When she was fifteen, the extremely ambitious girl Sophie-Federica Augusta of Anhalt-Zerbst was sent to Russia for a marriage with the successor to the throne and her second cousin Pyotr Fyodorovich. In Russia, she was baptized into the Orthodox faith and given her name in honor of Empress Elizabeth’s mother, Yekaterina Alekseyevna.
By the time her husband ascended the throne, Catherine was already firmly convinced he was a dullard. Her opinion was shared by many subjects of the newly enthroned Emperor Peter III: he was accused of ignorance, lack of intelligence, distaste of Russia and a complete inability to rule the country. A coup was ripening in the Russian state. Early in the morning of July 9 (under the Gregorian calendar) 1762, the brothers Grigory and Aleksey Orlov brought Catherine from Peterhof to St. Petersburg and proclaimed her empress Catherine the Second. The troops swore loyalty to the new female autocrat. Peter the Third, who was residing at that time in Oranienbaum, did not dare to resist and abdicated. He died in suspicious circumstances a few days later.
The golden age of the enlightened female monarch lasted for thirty-four years.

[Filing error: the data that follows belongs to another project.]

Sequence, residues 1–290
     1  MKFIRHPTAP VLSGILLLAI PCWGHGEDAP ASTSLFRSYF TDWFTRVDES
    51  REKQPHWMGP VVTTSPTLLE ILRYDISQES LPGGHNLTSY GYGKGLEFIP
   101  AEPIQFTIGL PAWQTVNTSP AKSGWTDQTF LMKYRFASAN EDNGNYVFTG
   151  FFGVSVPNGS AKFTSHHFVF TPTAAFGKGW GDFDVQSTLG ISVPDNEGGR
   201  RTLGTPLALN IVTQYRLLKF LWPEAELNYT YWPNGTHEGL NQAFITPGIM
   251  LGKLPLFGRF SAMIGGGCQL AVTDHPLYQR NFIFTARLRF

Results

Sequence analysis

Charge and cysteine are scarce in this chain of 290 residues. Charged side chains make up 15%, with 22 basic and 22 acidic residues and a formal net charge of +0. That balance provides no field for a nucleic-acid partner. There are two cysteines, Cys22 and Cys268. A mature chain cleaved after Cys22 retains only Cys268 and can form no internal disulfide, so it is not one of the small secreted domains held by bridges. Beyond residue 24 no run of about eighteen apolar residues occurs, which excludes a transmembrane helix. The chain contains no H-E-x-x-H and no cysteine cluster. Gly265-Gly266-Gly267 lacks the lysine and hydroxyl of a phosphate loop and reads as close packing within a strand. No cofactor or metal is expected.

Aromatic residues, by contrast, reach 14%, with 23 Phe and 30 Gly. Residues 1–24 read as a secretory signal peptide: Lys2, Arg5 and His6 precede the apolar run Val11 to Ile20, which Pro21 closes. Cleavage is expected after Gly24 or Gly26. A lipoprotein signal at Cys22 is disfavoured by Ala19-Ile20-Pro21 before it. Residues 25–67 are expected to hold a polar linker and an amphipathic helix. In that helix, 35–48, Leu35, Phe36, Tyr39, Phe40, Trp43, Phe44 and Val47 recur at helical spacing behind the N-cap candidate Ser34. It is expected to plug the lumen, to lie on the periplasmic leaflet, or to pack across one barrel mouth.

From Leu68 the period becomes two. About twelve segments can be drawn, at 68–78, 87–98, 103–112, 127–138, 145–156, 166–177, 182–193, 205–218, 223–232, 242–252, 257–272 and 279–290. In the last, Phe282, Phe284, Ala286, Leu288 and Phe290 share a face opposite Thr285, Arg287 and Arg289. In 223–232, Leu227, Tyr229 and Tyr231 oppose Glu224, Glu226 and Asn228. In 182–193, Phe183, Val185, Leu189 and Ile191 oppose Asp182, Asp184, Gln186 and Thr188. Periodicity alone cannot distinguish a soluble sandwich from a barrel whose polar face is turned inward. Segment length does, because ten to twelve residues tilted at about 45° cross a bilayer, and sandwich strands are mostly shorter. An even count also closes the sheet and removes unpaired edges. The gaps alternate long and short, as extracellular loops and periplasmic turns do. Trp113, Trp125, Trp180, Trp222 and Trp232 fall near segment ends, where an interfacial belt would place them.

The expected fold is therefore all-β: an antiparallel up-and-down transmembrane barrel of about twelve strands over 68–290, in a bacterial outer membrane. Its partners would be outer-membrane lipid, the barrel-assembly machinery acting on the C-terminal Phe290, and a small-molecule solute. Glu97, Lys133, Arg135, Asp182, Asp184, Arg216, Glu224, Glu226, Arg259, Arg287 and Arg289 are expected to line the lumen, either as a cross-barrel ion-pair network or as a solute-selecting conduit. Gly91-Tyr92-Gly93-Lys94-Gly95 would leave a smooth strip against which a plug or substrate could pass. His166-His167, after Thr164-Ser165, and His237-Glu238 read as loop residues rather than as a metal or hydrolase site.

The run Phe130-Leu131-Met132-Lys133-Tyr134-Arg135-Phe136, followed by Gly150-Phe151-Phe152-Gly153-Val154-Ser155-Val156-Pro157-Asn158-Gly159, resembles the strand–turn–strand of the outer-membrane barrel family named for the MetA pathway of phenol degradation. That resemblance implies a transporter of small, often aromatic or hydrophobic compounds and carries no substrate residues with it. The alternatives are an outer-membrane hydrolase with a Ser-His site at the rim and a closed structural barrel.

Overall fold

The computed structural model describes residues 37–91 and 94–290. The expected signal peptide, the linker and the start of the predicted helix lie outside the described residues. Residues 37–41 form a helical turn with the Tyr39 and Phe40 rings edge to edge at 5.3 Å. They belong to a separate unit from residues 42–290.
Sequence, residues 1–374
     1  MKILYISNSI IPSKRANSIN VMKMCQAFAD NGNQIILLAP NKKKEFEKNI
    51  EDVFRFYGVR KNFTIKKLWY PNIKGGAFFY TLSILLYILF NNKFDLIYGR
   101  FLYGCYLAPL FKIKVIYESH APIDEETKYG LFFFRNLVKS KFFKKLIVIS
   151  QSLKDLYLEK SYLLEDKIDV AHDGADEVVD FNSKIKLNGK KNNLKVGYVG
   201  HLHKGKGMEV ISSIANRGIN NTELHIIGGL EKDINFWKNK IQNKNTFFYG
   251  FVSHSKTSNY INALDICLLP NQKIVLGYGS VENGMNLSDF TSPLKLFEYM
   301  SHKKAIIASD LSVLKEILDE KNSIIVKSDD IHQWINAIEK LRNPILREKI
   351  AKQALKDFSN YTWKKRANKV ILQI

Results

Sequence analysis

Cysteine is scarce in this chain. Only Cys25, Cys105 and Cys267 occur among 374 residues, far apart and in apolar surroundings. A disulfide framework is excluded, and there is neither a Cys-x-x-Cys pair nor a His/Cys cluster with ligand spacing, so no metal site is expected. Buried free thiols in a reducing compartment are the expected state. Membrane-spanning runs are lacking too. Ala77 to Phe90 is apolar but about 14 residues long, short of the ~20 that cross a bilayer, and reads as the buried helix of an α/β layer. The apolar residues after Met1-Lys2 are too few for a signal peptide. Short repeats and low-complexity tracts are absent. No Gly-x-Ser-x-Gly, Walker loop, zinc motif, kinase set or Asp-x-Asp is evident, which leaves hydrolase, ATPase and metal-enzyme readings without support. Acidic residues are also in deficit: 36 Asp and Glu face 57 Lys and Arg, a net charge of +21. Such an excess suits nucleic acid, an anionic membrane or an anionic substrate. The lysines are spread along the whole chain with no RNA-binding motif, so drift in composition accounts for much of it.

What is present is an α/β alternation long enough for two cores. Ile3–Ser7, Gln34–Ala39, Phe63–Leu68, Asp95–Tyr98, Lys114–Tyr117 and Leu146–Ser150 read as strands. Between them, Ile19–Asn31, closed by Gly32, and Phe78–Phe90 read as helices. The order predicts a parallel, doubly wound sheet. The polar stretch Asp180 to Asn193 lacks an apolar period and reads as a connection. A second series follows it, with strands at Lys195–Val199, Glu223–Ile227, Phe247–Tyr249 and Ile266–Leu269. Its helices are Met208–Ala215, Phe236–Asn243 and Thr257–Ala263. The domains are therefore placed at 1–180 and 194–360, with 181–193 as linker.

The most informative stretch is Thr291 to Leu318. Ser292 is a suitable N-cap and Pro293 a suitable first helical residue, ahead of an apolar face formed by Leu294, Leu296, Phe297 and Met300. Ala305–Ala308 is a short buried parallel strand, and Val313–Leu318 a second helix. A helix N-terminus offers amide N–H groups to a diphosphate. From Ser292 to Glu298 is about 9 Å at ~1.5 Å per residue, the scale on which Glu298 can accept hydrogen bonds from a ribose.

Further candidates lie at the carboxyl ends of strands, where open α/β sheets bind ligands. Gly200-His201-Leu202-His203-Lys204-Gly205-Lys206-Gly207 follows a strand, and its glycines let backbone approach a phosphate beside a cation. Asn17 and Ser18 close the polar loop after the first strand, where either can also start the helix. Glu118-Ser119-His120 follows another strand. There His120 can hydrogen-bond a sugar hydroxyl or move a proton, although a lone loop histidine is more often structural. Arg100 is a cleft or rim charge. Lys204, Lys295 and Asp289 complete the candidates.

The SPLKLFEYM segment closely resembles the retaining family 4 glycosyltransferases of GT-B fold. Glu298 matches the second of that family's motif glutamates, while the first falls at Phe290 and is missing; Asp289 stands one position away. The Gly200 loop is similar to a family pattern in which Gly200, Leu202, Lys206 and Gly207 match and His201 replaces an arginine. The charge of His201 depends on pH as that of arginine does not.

Under her rule, Russia set foot firmly on the Black Sea and expanded onto southern lands: Crimea and the Kuban frontier. Under the partitions of Poland, Russia received a part of Belarus and Lithuanian provinces, as well as the Duchy of Courland. The Treaty of Georgievsk with Georgia was signed under Catherine’s rule. Catherine the Great established 29 provinces and built almost one and a half hundred cities. Under her rule, Russia began to vaccinate against smallpox, founded an observatory, anatomical theater, botanical garden and a physics lab. The Academy of Sciences gained worldwide fame, and a new Russian Academy was founded – specifically for research in the field of Russian language and literature. Catherine the Great cared about the education and treatment of the people as well: she opened hospitals, schools, advanced women’s education.